It was raining.
But that didn’t dampen the crowd’s expectations for a night of royal rock.
We filed into Suncorp Stadium, keen to be entertained by Queen with Adam Lambert.
Right off the bat, I’m not a Queen ‘fan’. I don’t have many of their albums and don’t really know much about the band (comparatively). But Queen has been around for so long, penning iconic tracks that have become part of the human race’s DNA. It’s impossible to not know the words and tap your foot to many of their songs. And, head bang to the guitar riff in “Bohemain Rhapsody”…
Brian May’s guitar playing was brilliantly masterful. That left hand… graceful and full of nuance… As a hack guitarist I thrilled at the subtleties of technique and the sounds that he produced. At one point those 4 fingers were using 4 different techniques simultaneously… just… wow…
I know this won’t do this next bit justice, but here goes… For an amazing 7 minutes holograms and lighting were used brilliantly, with what appeared to be a large meteor ascending from the stage, with the bottom of it tinged in flaming red and amber. Brian appeared on top it, seeming to ride this rock. He was lit from behind with a solo spotlight, as his extended guitar solo shredded, sobbed, moved us and lifted us. Small lights like shooting stars moved towards him, fading as they approached. These were subtle at first, but then because more obvious and were joined by planets and a satellite or two. It was obvious that Brian was the centre of the universe, them orbiting him and being drawn towards him, caught in the gravity of his playing.
Roger Taylor’s drumming was replete with his signature sound, gentle and rhythmic one moment, smashing the crap out of the skins the next. His solos were engaging and one in particular had me marvelling at his stamina, whilst maintaining such superb quality of sound.
Adam Lambert looked and sounded like he was born for this gig. He sauntered, swaggered and engaged in banter with the crowd. His voice was powerful, moving me to tears at some points and having me soar at others. He taunted and teased us in a cheeky manner, weaving the rain into his banter, thanking us for making him wet and apologising for his soggy bottom.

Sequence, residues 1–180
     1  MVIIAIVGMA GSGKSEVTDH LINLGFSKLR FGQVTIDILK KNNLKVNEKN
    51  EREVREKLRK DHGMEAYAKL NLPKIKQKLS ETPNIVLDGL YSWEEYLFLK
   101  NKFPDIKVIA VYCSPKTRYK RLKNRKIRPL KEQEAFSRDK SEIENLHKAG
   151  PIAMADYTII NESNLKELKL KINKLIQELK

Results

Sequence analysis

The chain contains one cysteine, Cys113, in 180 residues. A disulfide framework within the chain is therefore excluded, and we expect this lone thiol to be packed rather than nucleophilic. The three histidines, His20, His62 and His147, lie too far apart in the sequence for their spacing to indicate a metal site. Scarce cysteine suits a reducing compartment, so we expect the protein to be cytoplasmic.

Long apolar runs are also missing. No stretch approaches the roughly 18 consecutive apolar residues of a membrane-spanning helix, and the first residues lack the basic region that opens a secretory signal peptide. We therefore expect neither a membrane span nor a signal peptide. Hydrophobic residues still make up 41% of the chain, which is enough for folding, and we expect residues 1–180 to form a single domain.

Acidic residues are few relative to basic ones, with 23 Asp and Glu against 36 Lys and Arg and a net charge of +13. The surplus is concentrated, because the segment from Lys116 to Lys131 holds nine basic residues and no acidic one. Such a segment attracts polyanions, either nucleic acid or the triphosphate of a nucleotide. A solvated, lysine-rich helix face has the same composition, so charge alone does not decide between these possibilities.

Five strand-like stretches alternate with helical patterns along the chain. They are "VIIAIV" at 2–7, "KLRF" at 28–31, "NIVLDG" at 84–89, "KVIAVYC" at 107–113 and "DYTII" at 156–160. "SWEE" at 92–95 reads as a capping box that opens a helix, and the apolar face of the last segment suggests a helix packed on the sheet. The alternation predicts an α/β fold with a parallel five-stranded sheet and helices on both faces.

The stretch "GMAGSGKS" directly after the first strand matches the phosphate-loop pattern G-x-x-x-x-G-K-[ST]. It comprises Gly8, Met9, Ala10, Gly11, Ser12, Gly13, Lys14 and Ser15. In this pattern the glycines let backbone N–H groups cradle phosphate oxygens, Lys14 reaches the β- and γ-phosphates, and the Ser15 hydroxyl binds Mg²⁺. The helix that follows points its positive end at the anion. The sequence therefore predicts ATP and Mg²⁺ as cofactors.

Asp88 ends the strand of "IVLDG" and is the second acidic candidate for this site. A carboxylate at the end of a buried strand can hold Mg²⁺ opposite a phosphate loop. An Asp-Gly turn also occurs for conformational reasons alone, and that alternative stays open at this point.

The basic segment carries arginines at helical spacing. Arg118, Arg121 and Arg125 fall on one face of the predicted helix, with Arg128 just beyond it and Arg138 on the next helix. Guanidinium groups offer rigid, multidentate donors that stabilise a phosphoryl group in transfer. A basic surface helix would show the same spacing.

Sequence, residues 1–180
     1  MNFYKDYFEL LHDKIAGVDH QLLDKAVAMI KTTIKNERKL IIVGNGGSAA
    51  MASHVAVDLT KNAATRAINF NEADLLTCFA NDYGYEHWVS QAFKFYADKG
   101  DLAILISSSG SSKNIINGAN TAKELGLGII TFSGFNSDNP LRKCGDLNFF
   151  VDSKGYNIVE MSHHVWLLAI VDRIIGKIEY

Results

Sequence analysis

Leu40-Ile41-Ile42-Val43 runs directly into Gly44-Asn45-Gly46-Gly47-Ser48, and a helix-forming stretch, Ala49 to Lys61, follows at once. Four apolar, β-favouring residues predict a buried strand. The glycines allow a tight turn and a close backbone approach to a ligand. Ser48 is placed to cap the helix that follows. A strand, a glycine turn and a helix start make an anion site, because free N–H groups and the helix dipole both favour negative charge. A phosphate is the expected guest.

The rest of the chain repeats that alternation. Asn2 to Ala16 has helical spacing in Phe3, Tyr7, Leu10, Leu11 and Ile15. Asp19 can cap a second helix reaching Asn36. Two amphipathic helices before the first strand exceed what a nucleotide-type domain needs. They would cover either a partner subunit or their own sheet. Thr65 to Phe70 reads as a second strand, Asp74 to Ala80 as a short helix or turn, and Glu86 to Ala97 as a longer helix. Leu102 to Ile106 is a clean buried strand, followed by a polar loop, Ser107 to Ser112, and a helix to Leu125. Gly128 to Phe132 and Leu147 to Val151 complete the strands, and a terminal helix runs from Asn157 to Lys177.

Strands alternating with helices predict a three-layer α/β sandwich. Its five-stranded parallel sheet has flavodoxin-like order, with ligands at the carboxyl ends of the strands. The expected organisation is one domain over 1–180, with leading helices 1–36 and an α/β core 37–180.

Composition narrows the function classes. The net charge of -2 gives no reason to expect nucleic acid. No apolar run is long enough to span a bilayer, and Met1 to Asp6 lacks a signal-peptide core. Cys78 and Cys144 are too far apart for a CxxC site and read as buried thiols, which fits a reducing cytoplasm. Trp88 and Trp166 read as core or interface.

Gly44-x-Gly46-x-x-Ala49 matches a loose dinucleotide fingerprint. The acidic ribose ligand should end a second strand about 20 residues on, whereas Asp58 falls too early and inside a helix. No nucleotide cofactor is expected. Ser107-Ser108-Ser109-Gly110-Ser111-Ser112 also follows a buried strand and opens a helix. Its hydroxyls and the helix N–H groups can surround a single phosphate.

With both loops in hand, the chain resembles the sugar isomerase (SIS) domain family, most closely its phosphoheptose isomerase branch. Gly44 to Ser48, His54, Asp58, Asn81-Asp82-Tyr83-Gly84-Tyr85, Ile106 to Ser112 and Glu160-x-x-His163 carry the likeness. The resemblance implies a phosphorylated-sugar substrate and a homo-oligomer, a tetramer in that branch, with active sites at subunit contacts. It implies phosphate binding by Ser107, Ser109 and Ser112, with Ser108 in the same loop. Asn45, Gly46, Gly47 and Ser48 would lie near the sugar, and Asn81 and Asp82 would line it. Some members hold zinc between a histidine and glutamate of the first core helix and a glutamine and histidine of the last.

At one point he admitted that he was not Freddie Mercury. This is true. But, Adam had every right to be on stage. Freddie might not have been there in body, but he lives on…
The rain deepened the atmosphere, often giving a whole new element to the lighting and laser show. It almost added texture to the visuals and the auditory elements, making for a stunning sensory experience. At one point a disco ball was used, which swept arcs of light through the crowd. At others, laser effects shifted and capered through the air, adding a deep emotional atmosphere to the music.
“Who Wants to Love Forever” choked us up and my beautiful wife and I shed tears, as the loss of a dear family member was brought home to us again, as was the need to live in the moment. Like we were doing right then, lost in the moment, glad to be alive.
The show stopper was, not unexpectedly, “Bohemian Rhapsody”. This track resonates with so many folks now, thanks to the impact of the media, movies and social media. It was performed amazingly, with footage from the original film clip seamlessly and respectfully interwoven with the live performance. Freddie was there again.
They also covered “Whole Lotta Love” and “Heartbreak Hotel”, songs which dovetailed in nicely to the spirit of the sound and the show.
An enormous hologram of Freddie Mercury was used at one point, engaging the crown with the now famous “Eeeeeeehhhhh – ooooooh!” back and forth. Freddie was there again.
The sound was was brilliant and the lighting phenomenal. The set started with some restraint, but the momentum built into a runaway train of terrific tunes. Queen’s catalogue is impressive indeed and hearing them live had me marvelling at the quality of the songs and the passion with which they were performed.
For part of the set Brian May played a 12 string acoustic guitar at the front of the crowd, adding a sense of intimacy. Roger joined him at some points, as did did Adam, and the composition shifted for the duration of this arrangement.
The encores were “We Will Rock You” and “We are the Champions”. These were a fitting way to end this gig and the visual effects referenced Queens’ lion logo and the crown again.
I was regularly left spellbound, filled with wonder, enjoying the mix of music and flabbergasted at the skill of the performers. That Freddie was there, in a very respectful and loving way, was very much appreciated. We left euphoric, as Queen has rocked us well and truly.
This was a royal command performance indeed.